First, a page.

Chief Information Officer
National Science Foundation
While they may not know it, researchers who receive National Science Foundation grants depend on Amy Northcutt's work.
Northcutt, who became CIO in 2012, handles the policy, governance, capital planning and privacy issues that the foundation faces. In addition, she co-chairs the Executive Information Technology Resources Board, and the Capital Planning and Investment Control Board – both of which help determine what the agency's IT budget looks like each year.
Lately, Northcutt has focused on using analytics to help build out the systems that support the funding review process. NSF officials now can mine data included in research proposals to determine what topics have already received funding. Northcutt said her solutions often came from using technology and data as a tool to increase the efficiency of how well someone can get the job done.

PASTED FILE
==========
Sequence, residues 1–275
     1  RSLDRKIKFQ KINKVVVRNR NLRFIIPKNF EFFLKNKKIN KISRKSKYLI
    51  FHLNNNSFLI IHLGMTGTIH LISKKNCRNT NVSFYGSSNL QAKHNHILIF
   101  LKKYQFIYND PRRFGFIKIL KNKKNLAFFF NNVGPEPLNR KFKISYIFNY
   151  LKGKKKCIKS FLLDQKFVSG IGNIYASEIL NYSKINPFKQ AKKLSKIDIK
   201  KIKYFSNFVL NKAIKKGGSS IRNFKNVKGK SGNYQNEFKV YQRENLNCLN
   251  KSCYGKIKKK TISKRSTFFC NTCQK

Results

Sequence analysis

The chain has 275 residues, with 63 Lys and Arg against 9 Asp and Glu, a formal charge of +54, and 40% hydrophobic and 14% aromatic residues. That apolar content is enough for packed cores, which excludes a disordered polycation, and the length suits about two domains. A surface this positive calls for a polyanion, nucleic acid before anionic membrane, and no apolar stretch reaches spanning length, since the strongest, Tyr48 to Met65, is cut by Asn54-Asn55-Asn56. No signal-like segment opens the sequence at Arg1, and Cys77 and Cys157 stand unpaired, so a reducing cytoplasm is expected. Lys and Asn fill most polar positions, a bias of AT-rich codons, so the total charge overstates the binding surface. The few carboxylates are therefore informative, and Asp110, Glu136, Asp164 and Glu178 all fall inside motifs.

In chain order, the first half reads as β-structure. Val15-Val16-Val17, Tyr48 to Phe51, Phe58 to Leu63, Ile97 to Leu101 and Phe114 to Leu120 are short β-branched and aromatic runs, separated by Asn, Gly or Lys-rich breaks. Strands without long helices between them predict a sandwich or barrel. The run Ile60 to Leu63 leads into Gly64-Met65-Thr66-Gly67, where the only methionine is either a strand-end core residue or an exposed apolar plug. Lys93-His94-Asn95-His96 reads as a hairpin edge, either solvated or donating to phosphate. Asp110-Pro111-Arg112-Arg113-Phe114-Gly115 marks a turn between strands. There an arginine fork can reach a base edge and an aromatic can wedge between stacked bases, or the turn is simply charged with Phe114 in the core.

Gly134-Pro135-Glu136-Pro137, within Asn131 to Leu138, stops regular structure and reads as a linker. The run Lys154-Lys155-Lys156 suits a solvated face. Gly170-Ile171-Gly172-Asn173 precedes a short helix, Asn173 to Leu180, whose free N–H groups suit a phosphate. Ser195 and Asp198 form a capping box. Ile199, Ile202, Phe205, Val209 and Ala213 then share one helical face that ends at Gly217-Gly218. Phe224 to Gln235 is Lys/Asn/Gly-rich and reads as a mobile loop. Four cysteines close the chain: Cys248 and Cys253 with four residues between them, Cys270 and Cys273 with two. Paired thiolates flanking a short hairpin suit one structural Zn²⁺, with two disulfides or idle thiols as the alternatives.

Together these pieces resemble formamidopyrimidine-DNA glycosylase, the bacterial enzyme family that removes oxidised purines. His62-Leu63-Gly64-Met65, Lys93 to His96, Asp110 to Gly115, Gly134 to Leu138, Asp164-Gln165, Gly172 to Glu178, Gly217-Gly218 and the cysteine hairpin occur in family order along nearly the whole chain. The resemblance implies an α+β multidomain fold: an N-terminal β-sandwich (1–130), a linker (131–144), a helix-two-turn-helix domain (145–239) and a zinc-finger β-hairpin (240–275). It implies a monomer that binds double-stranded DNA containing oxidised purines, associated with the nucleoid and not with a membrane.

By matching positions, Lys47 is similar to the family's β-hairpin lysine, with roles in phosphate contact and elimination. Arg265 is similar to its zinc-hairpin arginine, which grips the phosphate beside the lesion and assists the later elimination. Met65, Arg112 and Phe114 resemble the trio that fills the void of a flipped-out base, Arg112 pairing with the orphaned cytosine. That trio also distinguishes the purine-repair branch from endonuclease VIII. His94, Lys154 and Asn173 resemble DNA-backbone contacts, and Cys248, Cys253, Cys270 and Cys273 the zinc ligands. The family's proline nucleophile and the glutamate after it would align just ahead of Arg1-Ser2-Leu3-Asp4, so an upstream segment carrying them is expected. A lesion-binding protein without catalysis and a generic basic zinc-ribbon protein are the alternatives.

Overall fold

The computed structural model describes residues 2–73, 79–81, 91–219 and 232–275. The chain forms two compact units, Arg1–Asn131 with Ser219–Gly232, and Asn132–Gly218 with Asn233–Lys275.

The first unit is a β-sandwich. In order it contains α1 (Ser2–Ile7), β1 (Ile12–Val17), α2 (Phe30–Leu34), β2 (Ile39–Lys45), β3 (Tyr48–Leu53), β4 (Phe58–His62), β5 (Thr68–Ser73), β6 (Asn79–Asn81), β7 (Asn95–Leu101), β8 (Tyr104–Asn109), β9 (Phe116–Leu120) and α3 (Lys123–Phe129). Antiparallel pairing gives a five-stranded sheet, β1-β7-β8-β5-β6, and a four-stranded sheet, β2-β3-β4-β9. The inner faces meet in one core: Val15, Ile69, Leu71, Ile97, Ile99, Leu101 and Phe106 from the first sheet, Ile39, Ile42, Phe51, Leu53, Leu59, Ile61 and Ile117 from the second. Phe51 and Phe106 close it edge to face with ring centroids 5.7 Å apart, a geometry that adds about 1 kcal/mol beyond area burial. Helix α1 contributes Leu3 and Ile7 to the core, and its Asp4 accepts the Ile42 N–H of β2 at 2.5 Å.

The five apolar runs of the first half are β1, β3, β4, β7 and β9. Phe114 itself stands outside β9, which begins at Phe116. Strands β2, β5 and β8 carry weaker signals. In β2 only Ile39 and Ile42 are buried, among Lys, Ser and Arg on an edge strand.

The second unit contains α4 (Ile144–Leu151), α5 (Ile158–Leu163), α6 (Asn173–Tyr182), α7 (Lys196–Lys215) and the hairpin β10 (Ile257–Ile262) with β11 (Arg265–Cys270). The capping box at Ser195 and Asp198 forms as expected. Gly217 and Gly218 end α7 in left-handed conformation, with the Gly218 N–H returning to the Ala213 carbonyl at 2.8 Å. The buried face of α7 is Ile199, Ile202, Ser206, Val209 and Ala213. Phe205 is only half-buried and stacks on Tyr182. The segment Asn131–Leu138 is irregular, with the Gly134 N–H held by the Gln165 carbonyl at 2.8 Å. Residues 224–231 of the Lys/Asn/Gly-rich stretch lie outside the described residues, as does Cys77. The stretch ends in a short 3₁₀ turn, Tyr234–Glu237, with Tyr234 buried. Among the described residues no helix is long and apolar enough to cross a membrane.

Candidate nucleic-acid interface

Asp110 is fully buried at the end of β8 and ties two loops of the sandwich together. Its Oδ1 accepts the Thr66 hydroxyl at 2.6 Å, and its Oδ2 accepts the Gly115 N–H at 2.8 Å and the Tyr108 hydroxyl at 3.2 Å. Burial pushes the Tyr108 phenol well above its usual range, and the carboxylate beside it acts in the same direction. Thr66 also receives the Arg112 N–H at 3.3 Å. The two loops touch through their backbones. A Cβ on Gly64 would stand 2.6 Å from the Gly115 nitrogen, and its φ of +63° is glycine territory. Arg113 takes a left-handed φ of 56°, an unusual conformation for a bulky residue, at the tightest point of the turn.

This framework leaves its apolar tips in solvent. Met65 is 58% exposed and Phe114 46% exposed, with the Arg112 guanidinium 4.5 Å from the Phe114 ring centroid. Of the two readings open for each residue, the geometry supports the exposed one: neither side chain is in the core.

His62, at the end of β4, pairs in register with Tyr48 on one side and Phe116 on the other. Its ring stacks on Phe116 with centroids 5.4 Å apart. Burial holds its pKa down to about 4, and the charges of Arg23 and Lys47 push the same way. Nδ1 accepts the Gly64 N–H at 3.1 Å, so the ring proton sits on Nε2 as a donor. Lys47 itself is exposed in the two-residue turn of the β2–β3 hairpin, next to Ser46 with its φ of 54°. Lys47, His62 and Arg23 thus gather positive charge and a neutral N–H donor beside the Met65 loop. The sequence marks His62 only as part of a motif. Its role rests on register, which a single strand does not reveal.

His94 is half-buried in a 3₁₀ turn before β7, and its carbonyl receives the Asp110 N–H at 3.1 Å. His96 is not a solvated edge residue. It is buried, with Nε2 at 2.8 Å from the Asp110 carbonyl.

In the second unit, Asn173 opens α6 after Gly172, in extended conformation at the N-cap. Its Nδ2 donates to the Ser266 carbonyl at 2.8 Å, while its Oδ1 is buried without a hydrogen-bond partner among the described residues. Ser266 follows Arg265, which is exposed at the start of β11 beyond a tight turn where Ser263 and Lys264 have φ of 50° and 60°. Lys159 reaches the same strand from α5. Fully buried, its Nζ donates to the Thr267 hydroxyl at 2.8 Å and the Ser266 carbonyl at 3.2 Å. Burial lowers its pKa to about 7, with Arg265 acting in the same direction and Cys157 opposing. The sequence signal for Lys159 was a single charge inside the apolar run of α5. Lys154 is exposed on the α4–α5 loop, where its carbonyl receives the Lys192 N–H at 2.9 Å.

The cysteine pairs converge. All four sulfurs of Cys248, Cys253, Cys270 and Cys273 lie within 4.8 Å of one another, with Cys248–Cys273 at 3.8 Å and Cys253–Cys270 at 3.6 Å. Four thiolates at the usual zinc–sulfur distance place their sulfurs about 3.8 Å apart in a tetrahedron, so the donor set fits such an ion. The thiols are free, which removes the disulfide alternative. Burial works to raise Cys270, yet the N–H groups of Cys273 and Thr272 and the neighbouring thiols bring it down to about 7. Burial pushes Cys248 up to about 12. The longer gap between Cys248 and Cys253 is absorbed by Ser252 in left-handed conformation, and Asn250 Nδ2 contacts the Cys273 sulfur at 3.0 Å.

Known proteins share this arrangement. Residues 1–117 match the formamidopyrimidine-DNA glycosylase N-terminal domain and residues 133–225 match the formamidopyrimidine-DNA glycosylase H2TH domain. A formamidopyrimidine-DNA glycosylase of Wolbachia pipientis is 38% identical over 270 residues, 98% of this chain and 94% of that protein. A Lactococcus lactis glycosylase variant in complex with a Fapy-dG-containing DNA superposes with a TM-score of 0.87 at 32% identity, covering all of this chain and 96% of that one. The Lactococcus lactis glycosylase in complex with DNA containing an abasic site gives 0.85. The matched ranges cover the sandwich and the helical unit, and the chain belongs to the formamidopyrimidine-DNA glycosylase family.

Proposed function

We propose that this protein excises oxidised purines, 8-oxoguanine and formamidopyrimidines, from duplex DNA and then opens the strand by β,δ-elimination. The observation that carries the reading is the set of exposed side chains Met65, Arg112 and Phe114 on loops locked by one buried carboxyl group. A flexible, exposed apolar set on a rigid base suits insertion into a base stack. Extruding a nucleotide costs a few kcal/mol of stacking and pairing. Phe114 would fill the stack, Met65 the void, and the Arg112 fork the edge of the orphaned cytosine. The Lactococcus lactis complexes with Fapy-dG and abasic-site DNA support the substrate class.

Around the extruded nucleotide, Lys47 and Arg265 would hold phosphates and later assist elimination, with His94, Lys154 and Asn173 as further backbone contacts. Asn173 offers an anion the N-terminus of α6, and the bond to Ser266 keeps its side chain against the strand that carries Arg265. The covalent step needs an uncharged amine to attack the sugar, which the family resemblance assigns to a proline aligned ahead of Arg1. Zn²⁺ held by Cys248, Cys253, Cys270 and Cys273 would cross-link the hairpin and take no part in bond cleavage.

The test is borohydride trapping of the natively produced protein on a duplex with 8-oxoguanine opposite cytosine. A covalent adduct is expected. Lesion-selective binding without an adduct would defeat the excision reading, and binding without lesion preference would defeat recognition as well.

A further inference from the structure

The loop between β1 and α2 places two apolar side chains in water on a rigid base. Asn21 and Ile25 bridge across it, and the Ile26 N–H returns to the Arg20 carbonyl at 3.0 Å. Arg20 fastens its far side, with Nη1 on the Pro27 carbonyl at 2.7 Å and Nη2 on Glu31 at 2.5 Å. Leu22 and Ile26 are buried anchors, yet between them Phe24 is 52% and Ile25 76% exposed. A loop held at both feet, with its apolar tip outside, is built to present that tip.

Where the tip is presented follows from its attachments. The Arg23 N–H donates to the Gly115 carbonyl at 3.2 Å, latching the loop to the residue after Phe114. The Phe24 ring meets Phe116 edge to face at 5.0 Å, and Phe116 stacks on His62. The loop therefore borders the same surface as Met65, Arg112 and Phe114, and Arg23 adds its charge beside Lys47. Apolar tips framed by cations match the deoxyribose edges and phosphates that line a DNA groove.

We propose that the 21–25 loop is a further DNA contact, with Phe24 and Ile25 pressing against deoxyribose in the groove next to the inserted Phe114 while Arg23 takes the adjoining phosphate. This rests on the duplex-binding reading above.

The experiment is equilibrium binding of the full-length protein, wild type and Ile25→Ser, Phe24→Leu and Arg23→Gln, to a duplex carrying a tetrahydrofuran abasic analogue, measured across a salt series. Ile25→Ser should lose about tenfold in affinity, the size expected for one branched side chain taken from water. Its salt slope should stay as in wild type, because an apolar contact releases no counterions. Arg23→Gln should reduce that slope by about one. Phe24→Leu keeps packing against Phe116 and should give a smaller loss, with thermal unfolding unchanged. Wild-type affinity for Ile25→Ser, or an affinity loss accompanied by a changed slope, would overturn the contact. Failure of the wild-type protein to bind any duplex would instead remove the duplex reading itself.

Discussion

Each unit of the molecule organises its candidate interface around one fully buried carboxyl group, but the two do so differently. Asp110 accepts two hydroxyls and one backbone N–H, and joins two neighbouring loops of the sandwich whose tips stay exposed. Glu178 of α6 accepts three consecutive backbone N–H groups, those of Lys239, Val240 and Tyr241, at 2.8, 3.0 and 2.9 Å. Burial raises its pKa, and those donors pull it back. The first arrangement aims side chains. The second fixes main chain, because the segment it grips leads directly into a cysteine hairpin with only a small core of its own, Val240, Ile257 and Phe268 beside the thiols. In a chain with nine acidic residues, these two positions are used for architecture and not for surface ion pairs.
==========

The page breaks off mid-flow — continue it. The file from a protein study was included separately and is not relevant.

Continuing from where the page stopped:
Success only comes if you are able to work creatively and collaboratively in a spirit of compromise.
For young women in STEM, Northcutt said finding a mentor to help guide them through the federal government workplace culture was crucial.
Young women should “be open to and looking for a more senior individual or a colleague from whom this new young potential leader could learn," Northcutt said. “With the cultures of each of these STEM disciplines is particular, it's extremely valuable to have someone translate that culture to the person who is new to it, and a mentor offers that."
Working in STEM and public service is just the right mix of challenging and rewarding, Northcutt said.
Public service is “a very challenging environment in which to work because of the design of our Constitution," Northcutt said. “Success only comes if you are able to work creatively and collaboratively in a spirit of compromise, because when the common good is the objective, everyone at the table has something to contribute to determining it."
– Jake Williams